This Tuesday (5), the winners of the Nobel Prize in Physics 2021 were announced: a trio of scientists whose work laid the foundations for how we understand complex physical systems, including the Earth climate, and that served as a warning to the planet about the climate changes.

Conceived by the Swedish Alfred Nobel, the Nobel Prize is awarded “to those who during the previous year have conferred the greatest benefit to humanity”, in the categories of Medicine, Physics, Chemistry, Literature, Peace and Economics. In 2021, the award celebrates 120 years.


The prize is worth US$1,15 million (equivalent to approximately R$6,33 million at current prices).

Syukuro Manabe, Klaus Hasselmann and Giorgio Parisi, Nobel Prize winners in Physics in 2021. Image: EPA / Ansa – Brazil

According to the judgment of the Royal Swedish Academy of Sciences, Syukuro Manabe, from Princeton University, in New Jersey, USA, and Klaus Hasselmann, former Max Planck Institute of Meteorology in Hamburg, Germany, will share half of the prize by physically modeling the Earth's climate, quantifying the variability and reliably predicting the global warming.

Giorgio Parisi, from the Sapienza University in Rome, will receive the other half, for the discovery of the interaction of disorder and fluctuations in physical systems from atomic to planetary scales.

These complex systems are inherently difficult to understand, as they are characterized by both randomness and disorder, according to the Academy. "This year's award recognizes new methods for describing them and predicting their long-term behavior."

Discover this year's Nobel Prize in Physics winning works

Manabe began his work in the 1960s as the first person to explore how the Earth's energy balance - the difference between the amount of energy the sun receives by the planet compared to the energy sent back to space - could affect motion. atmospheric. 

With that understanding, he demonstrated the link between more carbon dioxide in the atmosphere and rising temperatures on the Earth's surface – work that is used in climate models today. 

About 10 years later, Hasselmann developed a work that related time to climate (yes, are different things), showing how climate models could make reliable long-term predictions despite the varied and chaotic nature of short-term weather patterns.

This work also allowed him to develop methods that detected the telltale “fingerprints” of acute events, both natural and human, that impacted the climate. 

Such methods were later used to prove that increases in atmospheric temperatures resulted from carbon dioxide emissions from human activities such as burning fossil fuels. 

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Around 1980, Parisi continued this work, with a more theoretical view of how hidden patterns can be detected in complex systems. In investigating a metallic alloy called spin glass – a material in which iron atoms dispersed across a copper grid lead to significant changes in the material's magnetic properties – he described how seemingly small adjustments in large systems can have profound effects.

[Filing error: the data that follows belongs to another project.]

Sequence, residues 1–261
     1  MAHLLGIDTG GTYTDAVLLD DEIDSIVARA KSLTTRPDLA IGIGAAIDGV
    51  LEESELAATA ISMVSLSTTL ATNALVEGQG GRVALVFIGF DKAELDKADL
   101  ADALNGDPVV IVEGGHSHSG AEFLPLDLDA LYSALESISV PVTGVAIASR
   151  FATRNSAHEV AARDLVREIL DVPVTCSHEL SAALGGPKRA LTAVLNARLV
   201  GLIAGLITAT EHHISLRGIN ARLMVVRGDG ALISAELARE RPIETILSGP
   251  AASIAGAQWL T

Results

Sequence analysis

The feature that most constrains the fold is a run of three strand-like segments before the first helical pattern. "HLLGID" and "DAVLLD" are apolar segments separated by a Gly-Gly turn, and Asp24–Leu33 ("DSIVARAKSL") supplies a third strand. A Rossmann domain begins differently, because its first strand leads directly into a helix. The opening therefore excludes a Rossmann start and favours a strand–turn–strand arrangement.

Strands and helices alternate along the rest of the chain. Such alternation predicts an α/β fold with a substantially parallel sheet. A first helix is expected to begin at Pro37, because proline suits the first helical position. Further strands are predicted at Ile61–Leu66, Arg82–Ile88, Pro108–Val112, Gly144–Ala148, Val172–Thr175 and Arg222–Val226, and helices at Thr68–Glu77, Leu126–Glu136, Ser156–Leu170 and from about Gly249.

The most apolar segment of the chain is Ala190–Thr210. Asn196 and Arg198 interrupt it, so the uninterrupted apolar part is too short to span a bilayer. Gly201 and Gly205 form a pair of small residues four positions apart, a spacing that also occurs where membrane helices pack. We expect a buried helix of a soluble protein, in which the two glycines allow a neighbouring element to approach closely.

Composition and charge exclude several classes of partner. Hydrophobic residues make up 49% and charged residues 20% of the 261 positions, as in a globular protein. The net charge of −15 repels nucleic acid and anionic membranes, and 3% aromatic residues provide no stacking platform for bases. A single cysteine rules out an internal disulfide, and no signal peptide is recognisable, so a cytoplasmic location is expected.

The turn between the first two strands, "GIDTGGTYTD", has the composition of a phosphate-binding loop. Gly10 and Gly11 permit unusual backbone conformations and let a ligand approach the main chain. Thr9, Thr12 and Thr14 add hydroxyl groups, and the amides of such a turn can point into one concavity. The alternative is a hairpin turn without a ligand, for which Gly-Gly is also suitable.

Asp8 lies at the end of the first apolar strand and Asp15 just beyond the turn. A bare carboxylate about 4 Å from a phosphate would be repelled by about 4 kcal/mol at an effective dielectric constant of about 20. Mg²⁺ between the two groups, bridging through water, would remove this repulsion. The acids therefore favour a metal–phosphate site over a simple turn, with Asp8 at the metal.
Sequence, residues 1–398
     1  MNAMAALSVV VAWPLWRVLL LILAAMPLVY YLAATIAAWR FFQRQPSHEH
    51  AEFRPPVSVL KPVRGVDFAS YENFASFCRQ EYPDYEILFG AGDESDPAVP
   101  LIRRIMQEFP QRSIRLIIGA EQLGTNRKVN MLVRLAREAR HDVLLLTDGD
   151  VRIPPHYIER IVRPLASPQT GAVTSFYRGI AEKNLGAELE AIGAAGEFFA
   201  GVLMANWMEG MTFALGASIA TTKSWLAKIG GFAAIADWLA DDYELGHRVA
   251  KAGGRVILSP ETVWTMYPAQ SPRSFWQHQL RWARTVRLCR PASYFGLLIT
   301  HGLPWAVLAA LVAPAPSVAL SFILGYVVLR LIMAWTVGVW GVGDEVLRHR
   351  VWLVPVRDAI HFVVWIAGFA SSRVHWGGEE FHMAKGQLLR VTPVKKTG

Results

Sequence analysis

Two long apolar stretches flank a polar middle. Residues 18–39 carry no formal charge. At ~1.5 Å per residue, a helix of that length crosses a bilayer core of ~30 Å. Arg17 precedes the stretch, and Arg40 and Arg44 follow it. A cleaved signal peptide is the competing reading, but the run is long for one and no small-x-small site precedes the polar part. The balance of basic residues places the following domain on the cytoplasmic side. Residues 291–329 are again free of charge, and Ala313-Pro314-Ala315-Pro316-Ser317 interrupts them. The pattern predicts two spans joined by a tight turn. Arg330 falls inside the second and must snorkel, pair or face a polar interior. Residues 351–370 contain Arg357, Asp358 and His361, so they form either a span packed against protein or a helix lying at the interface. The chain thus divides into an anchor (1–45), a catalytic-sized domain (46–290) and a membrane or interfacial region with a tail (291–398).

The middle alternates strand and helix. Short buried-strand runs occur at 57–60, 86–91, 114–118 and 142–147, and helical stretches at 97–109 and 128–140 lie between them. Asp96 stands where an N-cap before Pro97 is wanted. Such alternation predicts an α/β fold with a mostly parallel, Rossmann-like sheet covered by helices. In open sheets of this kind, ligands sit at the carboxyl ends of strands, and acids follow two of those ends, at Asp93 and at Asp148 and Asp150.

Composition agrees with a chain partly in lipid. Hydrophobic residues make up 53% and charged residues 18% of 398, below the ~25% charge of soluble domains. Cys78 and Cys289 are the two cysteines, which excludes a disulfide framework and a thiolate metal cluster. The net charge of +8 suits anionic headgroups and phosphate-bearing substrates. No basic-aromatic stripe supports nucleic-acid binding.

This led to many subsequent insights, not just in climate physics, but in fields as diverse as mathematics, biology, neuroscience, and machine learning.

UN brings countries together at the 26th Climate Change Conference to discuss plans for urgent and radical reductions in greenhouse gas emissions over the next decade. Image: ParabolStudio – Shutterstock

“The findings recognized this year demonstrate that our knowledge of the climate rests on a solid scientific foundation, based on a rigorous analysis of observations,” said Thors Hans Hansson, chairman of the Nobel Committee on Physics, in the statement. "All of this year's laureates contributed to our gaining a deeper insight into the properties and evolution of complex physical systems."

Climate Change Lights "Red Alert for Humanity"

The award comes just before the 26th United Nations Conference on Climate Change, which will be held in Glasgow, Scotland, in November. At the conference, countries are expected to discuss plans for urgent and radical reductions in greenhouse gas emissions over the next decade. 

On August 9, a historic report by the Intergovernmental Panel on Climate Change from United Nations (UN) issued a stern warning that the Earth must reach a critical limit: a global temperature rise of 1,5ºC due to climate change in the next 20 years.

The report, which UN Secretary General António Guterres described as a "code red for humanity", warns that increasingly extreme heat waves, droughts and floods will become more common as the planet warms.

“The alarms are deafening and the evidence is irrefutable: greenhouse gas emissions from burning fossil fuels and deforestation are choking our planet and putting billions of people at immediate risk,” said Guterres. “If we combine forces now, we can avert a climate catastrophe. But, there's no time for delays and there's no room for excuses.”

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